"Travelling can make it hard to find consistency and stick to a routine, which is the thing that often disrupts most people's exercise habits," Spendlove said. "Maximising the incidental activity as much as possible is a good way to increase energy expenditure.
Great ways to maximise incidental activity while travelling include:
- Walking as much as possible, rather than taking a taxi, bus or train
- Doing cycling tours of the city, rather than hopping on a bus
- Hiring bikes to get around, rather than motorised bikes
- Doing activities such as snorkelling, scuba diving and stand up paddle boarding are other good ways to be active on holidays.
"If you want to exercise while you are away, exercising in the morning is a good way to make sure you get something done. Even if it is every second day, which might be less than when at home, it is still better than nothing."
5. Eat in
Part of travelling is going out to eat and trying new restaurants and eateries. But when you can and want, eat in and cook up a nutritious meal using local ingredients.
"One of the most common nutrition issues faced when travelling is the tendency to eat out more than normal, which can lead to overeating and excess energy (kilojoule) consumption," Spendlove said.
While it is important to enjoy your holiday, cooking and eating in can help you come home without the unwanted weight gain.
"If staying in a self-contained apartment, aim to eat at least one meal there per day. This is good for the bank account as well as balancing out your overall nutrition while travelling," Spendlove said.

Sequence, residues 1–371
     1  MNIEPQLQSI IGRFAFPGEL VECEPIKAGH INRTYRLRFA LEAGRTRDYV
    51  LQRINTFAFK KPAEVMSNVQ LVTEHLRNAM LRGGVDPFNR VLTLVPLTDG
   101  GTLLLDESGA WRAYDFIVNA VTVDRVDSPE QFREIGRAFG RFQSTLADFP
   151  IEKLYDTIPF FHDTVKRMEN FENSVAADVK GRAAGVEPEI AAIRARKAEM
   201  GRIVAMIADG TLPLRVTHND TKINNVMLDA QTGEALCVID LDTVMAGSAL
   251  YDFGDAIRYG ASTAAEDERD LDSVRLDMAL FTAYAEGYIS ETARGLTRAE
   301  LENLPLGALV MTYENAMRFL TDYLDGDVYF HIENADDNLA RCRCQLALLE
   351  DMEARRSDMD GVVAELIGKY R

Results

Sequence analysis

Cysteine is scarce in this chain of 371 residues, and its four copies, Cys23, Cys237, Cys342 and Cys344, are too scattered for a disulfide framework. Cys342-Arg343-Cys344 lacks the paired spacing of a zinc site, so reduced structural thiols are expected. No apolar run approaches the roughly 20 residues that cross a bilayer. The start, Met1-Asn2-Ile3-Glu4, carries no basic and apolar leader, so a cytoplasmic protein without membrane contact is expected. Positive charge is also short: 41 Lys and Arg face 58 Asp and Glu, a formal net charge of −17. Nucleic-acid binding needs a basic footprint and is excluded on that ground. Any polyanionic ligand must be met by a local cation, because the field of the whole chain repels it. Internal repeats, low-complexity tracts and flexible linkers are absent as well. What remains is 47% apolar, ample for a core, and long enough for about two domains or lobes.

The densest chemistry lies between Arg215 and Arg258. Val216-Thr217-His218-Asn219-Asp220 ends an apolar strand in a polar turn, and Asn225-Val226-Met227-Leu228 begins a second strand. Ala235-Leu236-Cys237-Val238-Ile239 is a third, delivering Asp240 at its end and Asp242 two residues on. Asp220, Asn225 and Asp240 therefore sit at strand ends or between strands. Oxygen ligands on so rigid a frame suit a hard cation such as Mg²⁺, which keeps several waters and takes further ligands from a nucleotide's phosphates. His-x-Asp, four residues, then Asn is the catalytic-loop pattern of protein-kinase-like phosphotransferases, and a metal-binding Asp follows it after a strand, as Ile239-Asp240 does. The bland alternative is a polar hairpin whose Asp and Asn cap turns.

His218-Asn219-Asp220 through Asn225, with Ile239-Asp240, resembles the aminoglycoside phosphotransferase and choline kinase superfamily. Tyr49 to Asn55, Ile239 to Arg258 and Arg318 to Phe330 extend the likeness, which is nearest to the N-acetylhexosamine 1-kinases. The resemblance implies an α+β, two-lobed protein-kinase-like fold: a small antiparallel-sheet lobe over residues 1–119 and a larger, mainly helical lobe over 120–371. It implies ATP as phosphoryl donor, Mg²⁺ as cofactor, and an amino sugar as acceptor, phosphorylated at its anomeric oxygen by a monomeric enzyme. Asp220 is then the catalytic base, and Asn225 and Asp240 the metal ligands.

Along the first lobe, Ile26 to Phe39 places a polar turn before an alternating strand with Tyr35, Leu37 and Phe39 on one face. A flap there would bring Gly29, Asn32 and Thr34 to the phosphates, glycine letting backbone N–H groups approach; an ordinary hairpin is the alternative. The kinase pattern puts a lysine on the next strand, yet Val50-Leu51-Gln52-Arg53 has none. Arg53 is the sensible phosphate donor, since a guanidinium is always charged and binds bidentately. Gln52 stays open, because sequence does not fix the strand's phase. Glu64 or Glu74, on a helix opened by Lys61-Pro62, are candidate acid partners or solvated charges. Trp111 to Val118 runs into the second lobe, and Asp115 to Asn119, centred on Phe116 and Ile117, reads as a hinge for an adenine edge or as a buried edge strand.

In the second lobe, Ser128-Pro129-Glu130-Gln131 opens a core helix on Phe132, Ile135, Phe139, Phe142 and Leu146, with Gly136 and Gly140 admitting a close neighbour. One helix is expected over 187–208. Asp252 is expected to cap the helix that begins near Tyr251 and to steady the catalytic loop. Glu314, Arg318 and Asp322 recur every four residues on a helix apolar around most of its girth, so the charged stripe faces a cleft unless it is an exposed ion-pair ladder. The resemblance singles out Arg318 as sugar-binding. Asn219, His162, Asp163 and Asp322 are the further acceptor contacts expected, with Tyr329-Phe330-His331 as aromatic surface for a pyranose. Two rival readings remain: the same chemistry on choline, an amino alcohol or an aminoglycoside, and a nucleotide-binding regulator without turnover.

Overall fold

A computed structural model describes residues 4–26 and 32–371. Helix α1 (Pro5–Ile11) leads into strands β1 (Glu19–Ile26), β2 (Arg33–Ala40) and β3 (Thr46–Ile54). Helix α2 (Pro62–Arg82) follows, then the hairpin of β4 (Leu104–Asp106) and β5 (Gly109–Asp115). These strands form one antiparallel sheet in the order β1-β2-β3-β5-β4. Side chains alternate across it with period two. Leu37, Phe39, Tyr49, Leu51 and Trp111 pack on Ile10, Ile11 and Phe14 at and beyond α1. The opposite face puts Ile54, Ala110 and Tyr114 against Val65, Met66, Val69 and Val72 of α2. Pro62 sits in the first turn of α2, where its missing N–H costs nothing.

6. Order food smartly
And when you are eating out, follow these handy nutrition tips.
"Order à la carte when eating out (as opposed to going to a buffet). It is much easier to control the amount eaten when ordering off the menu, rather than having unlimited access to a buffet," Spendlove said.
"Always have a side salad or non-starchy vegetables (seasonal steamed vegetables or Asian greens) with every lunch and dinner meal to help balance out the amount of energy in the meal."
If the meals are typically large, Spendlove suggests to order an entrée or share a main with your travelling companion to avoid over-eating.
"If you find your main meals are larger than normal, aim to have no snacks between meals to help off-set the additional energy intake," Spendlove said. "And try to not drink alcohol with every lunch and dinner.
"Food is one of the best ways to immerse yourself in a culture when on holidays. I believe it is possible to go on holidays and keep on track with your nutrition by adopting some of the above strategies."
Now, if you have let go a little too much on your trip, here's how to ease back into eating well and exercising on return.
"Get back into a routine and exercise as quickly as possible," Spendlove said.
In this time, aim to eat at home and prepare meals. But avoid fad diets.
"Clean up your eating for a few weeks. Don't go on some crazy strict eating plan -- just remove all processed, sugary foods and limit alcohol intake for a few weeks," Spendlove said.
"Focus on nutrient-rich foods such as green vegetables, seafood, lean meats and poultry."